Lakeshore Art Festival in downtown Muskegon named one of the top 10 art fairs in the country

Thousands of people fill downtown Muskegon’s streets for the Lakeshore Art Festival. Photo courtesy of the Muskegon Lakeshore Chamber of Commerce

The Lakeshore Art Festival in downtown Muskegon is one of the United States’ best art fairs, according to a new nationwide survey.

The festival, which annually draws about 60,000 people and hundreds of artists to downtown Muskegon, ranked as the ninth best art fair in the country in the “2019 Best Art Fair” survey from, a national publication covering juried fine art fairs. The list, which was released last Friday, included events from throughout the U.S., including the Olde Towne Art Fair in Chicago and the Park City Kimball Arts Festival in Park City, Utah. The Muskegon event was the only Michigan fair to be included in the top 10.

“This is another way that Muskegon, Michigan gets put on the map; it shines a really beautiful light on Muskegon,”  Lakeshore Art Festival Director Carla Flanders said of the top 10 list. “We’re standing right next to fairs from Park City, Chicago and other major cities. People say, ‘Muskegon, Michigan? Where’s Muskegon, Michigan?’ We’re here, we’re ranking and we have an amazing show and community.”

Launched in 2013 and following in the footprints of Muskegon Art in the Park, an arts and crafts show that debuted in Hackley Park in 1961, the Lakeshore Art Festival has grown each year, drawing a crowd of artists and attendees from throughout the region—and country. In addition to a wide range of fine art and crafts—think everything from photography and hand-carved jewelry to large-scale sculptures—the two-day whirlwind of creativity offers live music, street performers, artisan food, children’s activities, interactive and community art, and more.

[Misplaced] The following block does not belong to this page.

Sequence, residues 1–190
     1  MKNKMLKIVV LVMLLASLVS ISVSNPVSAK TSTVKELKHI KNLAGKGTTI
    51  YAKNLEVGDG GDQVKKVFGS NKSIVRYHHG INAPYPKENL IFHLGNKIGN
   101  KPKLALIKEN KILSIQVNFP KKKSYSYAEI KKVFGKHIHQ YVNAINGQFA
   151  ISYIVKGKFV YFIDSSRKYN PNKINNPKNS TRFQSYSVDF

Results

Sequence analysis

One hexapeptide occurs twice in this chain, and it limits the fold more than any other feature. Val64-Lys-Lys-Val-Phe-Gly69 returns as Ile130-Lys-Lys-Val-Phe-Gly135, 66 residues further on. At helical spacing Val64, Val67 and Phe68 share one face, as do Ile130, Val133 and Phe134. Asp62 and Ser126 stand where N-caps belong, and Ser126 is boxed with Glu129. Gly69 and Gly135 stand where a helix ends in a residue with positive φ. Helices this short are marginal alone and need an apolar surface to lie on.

Since its inception, the festival has doubled the number of exhibitors, Flanders noted. Currently, the festival receives about 450 applications for the fair’s 350 spots for artists.

“Because the Lakeshore Art Festival is becoming so recognized, people are making Muskegon a destination,” Flanders said. “It’s people from all over the country who attend the festival.”

The downtown Muskegon festival too has consistently landed national recognition. Sunshine Artist Magazine, for example, has repeatedly put the Lakeshore Art Festival on its top 200 craft shows list; this year, the Muskegon event came in at number 21

For Flanders, the national accolades affirm what she has long known: the festival is a fun community event that helps to support local artists and grow Muskegon’s creative landscape, as well as an event that has generated millions of dollars in direct economic impact in Muskegon County. In 2019, the Lakeshore Art Festival had a direct economic impact of $1.59 million in the county, and has had a $7.2 million economic impact in the county since 2014, according to the  Lakeshore Art Festival Corporate Social Responsibility Report.

“Not only are people spending money on art, they’re spending money at restaurants and other local businesses, including hotels,” Flanders said.

For the out-of-towners who visit the Lakeshore Art Festival, Flanders hopes the visit would inspire them to return.

“If they come to Muskegon for the festival, they may say, ‘Hey, this is a pretty cool town; I’m going to come back and go to Michigan’s Adventure, the Winter Sports Complex, or somewhere else,’” Flanders said. 

This year’s Lakeshore Art Festival, which is free for the general public to attend, will be held July 3 and July 4, 2020 in downtown Muskegon. The event’s theme will be “the art of recycling,” and will include various programming surrounding recycling—including a public art project.

“We’ve been recognized for our green initiatives, and we want to ramp those up,” Flanders said, referring to the festival’s emphasis on recycling and offering refillable water stations to avoid a proliferation of plastic products, among other efforts to be environmentally conscious. “It’s really exciting what we’ll be doing.”

Story by Anna Gustafson. Connect with Anna by emailing or on FacebookTwitter and Instagram

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